Jun. 29, 2015 12:15 PM EDT Reads: 2,551
There will be 150 billion connected devices by 2020. New digital businesses have already disrupted value chains across every industry. APIs are at the center of the digital business. You need to understand what assets you have that can be exposed digitally, what their digital value chain is, and how to create an effective business model around that value chain to compete in this economy. No enterprise can be complacent and not engage in the digital economy. Learn how to be the disruptor and not the disruptee.
Jun. 29, 2015 11:00 AM EDT Reads: 2,107
Internet of Things is moving from being a hype to a reality. Experts estimate that internet connected cars will grow to 152 million, while over 100 million internet connected wireless light bulbs and lamps will be operational by 2020. These and many other intriguing statistics highlight the importance of Internet powered devices and how market penetration is going to multiply many times over in the next few years.
Jun. 29, 2015 11:00 AM EDT Reads: 1,876
It is one thing to build single industrial IoT applications, but what will it take to build the Smart Cities and truly society-changing applications of the future? The technology won’t be the problem, it will be the number of parties that need to work together and be aligned in their motivation to succeed. In his session at @ThingsExpo, Jason Mondanaro, Director, Product Management at Metanga, discussed how you can plan to cooperate, partner, and form lasting all-star teams to change the world and it starts with business models and monetization strategies.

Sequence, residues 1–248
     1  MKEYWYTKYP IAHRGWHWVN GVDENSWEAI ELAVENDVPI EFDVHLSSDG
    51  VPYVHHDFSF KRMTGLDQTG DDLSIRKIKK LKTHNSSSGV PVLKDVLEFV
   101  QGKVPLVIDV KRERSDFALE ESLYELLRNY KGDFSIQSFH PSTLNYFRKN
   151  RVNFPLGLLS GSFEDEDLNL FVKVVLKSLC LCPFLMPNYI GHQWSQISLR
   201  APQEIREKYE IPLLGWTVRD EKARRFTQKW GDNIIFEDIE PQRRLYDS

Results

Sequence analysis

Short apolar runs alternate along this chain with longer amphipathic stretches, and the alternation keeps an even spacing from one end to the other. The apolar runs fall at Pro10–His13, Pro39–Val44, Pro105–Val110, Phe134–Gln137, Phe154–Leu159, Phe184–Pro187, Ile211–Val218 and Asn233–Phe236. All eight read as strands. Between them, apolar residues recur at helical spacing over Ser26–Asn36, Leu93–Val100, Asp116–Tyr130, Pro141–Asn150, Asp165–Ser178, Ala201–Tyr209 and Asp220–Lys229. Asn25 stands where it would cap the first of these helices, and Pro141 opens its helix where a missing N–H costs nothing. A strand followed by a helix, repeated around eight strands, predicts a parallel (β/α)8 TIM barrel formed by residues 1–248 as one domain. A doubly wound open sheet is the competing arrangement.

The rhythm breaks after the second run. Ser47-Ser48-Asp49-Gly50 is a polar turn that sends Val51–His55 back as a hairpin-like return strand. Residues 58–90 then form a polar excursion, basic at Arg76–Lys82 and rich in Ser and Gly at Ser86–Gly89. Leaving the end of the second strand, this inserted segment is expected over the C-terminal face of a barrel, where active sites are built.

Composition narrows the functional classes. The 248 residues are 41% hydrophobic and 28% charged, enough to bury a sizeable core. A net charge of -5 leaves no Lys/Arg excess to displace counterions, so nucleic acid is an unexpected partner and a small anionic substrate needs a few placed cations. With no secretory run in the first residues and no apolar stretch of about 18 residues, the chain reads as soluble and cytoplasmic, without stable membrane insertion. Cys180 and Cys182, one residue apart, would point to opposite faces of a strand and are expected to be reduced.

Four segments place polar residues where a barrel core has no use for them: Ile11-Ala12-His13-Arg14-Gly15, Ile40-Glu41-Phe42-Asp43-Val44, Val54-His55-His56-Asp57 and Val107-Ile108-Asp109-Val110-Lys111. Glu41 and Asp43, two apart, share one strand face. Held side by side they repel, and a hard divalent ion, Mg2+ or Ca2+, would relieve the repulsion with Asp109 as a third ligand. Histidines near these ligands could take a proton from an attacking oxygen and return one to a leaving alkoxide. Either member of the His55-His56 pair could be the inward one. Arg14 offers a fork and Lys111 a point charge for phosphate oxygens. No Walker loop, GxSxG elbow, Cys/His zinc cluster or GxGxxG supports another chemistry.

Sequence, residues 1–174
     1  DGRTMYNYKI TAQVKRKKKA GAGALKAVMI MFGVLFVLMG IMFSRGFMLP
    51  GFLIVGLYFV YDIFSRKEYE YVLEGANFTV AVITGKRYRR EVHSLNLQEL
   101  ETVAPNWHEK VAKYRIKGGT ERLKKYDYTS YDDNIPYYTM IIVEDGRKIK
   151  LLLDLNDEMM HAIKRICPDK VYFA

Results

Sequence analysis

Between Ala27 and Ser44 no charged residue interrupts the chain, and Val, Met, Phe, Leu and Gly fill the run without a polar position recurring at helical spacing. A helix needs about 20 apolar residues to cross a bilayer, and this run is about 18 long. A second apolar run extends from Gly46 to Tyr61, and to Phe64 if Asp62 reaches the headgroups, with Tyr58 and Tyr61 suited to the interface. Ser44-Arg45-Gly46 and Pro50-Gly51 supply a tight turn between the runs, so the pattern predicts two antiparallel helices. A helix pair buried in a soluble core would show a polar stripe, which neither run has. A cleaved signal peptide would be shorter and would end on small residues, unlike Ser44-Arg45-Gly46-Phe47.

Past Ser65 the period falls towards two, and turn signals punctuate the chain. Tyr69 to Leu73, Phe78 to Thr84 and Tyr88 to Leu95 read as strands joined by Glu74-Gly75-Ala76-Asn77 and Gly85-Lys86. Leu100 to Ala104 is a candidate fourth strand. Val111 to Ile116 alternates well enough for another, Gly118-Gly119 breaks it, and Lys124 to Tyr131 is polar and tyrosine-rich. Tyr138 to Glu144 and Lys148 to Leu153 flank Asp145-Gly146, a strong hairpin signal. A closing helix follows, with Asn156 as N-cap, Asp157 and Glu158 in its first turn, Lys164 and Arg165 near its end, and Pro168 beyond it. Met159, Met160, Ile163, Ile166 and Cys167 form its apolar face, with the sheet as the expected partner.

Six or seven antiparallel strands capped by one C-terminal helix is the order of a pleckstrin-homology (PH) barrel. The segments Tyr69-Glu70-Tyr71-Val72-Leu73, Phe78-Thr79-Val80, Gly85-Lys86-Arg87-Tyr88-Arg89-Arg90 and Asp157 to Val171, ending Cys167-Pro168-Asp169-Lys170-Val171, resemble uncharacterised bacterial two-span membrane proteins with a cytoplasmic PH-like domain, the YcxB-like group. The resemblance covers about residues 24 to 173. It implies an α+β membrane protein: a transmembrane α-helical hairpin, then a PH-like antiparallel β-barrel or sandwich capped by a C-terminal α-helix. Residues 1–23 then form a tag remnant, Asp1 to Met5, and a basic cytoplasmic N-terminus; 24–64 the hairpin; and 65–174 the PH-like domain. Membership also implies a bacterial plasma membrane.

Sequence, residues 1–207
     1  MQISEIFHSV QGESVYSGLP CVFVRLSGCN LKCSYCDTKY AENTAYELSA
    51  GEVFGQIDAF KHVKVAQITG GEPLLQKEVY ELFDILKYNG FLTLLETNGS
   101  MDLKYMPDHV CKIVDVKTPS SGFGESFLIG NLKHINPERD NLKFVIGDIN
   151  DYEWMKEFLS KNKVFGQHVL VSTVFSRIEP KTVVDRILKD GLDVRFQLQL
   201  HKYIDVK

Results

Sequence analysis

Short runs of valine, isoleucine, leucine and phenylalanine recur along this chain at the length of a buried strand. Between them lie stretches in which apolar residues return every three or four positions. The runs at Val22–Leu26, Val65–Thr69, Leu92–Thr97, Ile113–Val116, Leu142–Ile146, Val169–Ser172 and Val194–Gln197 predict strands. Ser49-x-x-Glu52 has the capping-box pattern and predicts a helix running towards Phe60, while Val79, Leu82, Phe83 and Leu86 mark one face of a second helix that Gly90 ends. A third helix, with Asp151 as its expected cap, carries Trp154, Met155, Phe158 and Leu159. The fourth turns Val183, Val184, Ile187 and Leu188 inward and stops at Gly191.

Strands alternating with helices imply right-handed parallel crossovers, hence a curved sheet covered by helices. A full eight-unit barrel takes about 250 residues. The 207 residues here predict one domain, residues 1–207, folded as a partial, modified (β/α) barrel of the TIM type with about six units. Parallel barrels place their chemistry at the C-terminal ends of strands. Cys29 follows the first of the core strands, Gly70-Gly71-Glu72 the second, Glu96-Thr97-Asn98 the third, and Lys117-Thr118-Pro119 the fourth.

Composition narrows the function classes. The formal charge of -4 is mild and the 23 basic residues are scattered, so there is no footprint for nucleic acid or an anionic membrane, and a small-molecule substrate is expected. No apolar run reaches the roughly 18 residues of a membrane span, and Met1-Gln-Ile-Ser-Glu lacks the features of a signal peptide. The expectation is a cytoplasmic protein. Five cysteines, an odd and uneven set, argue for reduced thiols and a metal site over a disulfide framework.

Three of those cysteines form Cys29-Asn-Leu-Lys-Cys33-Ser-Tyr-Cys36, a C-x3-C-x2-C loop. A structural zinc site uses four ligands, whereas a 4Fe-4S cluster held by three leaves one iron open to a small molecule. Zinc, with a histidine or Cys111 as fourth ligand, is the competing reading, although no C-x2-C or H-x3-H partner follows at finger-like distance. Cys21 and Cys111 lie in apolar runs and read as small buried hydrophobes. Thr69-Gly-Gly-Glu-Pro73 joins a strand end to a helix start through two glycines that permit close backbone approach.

Jun. 29, 2015 10:00 AM EDT Reads: 2,026
The Internet of Things is not only adding billions of sensors and billions of terabytes to the Internet. It is also forcing a fundamental change in the way we envision Information Technology. For the first time, more data is being created by devices at the edge of the Internet rather than from centralized systems. What does this mean for today's IT professional? In this Power Panel at @ThingsExpo, moderated by Conference Chair Roger Strukhoff, panelists will addresses this very serious issue of profound change in the industry.
Jun. 29, 2015 09:45 AM EDT Reads: 2,431
Business as usual for IT is evolving into a "Make or Buy" decision on a service-by-service conversation with input from the LOBs. How does your organization move forward with cloud? In his general session at 16th Cloud Expo, Paul Maravei, Regional Sales Manager, Hybrid Cloud and Managed Services at Cisco, discusses how Cisco and its partners offer a market-leading portfolio and ecosystem of cloud infrastructure and application services that allow you to uniquely and securely combine cloud business applications and services across multiple cloud delivery models.